‘Sherlock’ returns to screens, leaves viewers with more mysteries than before

Two years ago, “How did Sherlock survive?” became this TV-watching generation’s “Who shot JR?” This month, viewers finally got the answers they had been longing for, along with a whole new set of questions.

The third season for the hit adaptation of Sir Arthur Conan Doyle’s detective kicks off with “The Empty Hearse.” Set two years after Sherlock Holmes (Benedict Cumberbatch) leapt off the hospital roof in “The Reichenbach Fall,” the episode tells how each character had dealt with Sherlock’s death, with most of the attention on John Watson (Martin Freeman).

The episode opens with what appeared to be the big reveal everyone had been waiting for. As Moriarty’s body is fitted with a Sherlock mask and taken to spot where Sherlock would have landed, the real Mr. Holmes is attached to a bungee cord, swinging through a window and giving Molly Hooper (Louise Brealey) a big kiss before sauntering off. Could Sherlock’s master plan really be so ridiculous?

As it turns out, no. The scene is revealed to be a mad theory from Detective Anderson (Jonathan Aris), whose guilt over his dismissal of Sherlock’s deduction has led him to start a fan club for Holmes.

“The Empty Hearse” is filled with exposition, understandably so considering the two-year gap since the last episode. The terrorist plot isn’t terribly interesting, and it takes a backseat to John’s process of coping with Sherlock’s return.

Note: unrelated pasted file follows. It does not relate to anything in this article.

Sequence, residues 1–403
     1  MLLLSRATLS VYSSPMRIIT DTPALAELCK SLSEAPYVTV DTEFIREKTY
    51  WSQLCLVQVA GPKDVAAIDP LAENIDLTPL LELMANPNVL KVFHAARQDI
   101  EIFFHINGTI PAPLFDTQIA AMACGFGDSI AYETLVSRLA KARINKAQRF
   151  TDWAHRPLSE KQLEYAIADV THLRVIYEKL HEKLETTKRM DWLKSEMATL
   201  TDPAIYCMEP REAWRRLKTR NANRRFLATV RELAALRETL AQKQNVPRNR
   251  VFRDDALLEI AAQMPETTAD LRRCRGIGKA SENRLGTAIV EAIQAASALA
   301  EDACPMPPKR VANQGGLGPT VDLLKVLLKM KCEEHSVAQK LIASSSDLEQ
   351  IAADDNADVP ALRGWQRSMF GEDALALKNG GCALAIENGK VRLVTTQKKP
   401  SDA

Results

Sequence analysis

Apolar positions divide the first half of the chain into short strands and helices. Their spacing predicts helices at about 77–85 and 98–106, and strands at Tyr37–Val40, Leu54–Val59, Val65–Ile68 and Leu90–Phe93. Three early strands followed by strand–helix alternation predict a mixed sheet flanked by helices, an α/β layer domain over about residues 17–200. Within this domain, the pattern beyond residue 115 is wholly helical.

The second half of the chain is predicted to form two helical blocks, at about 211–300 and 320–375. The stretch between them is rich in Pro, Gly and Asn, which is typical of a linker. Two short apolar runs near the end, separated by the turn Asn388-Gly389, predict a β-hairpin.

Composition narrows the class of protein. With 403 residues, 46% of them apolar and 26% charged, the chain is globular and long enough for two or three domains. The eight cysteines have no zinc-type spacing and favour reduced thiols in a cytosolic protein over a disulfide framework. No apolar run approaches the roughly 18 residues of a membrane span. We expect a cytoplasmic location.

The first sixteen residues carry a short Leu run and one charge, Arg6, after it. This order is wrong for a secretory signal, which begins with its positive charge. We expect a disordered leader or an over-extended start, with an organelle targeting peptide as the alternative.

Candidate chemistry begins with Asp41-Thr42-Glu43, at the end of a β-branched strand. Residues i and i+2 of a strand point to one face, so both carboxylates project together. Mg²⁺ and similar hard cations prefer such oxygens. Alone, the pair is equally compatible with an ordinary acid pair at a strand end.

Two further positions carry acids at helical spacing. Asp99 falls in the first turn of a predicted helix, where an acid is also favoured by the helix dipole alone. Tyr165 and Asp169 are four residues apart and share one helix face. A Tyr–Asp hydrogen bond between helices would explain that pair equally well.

The initial reunion is played for laughs, managing to avoid being sappy or overemotional. John’s fiancée, Mary Morstan (Amanda Abbington), manages to diffuse some of the tension between the two. She slides into the group effortlessly, and never feels like a third wheel.

This relationship is explored even more in the season’s second episode, “The Sign of Three,” by far the funniest episode to date. From drunken Sherlock’s jumbled deductions, his ability to insult half the people in the wedding in the first minutes of his best man speech, to an actual elephant in the room, the episode has a light-hearted air about it, despite two attempted murders.

Again, the focus of the season is not on the cases, but on the characters. John shows Sherlock how much he loves him by asking him to be his best man, and Sherlock returns the favor with a touching, albeit quite awkward, speech which illustrates what John means to him. The episode ends on a somber note as Sherlock leaves the wedding early, feeling out-of-place and lonely.

All the warmth and comedy of “The Sign of Three” is gone in the season finale, “His Last Vow.” This episode revolves around the showdown between Sherlock and Charles Augustus Magnussen (Lars Mikkelsen), the man who has dirt on seemingly everyone. Magnussen is cold, calculated and creepy, the polar opposite of Andrew Scott’s hyperactive, albeit charming, Moriarty.

Sherlock’s “mind palace” is featured heavily and executed brilliantly, allowing the viewers to see even more of his genius, and even catch a glimpse of his childhood.

An unexpected truth about one of the show’s main characters comes out halfway through the episode, and tests the loyalty, love and forgiveness of others. However, by far the biggest twist occurred at the very end. After the audience has let its guard down, accepting a mostly wrapped up yet not completely satisfying ending, co-writers Steven Moffat and Mark Gatiss give us a cliffhanger to rival that of “The Reichenbach Fall.”

All I can say is that “Did you miss me?” will soon become the new “How did Sherlock survive?” One only hopes that we get our answer to this question sooner than the last time.


Reach the reporter at kmmcnern@asu.edu or follow on Twitter @KaseyMcNerney

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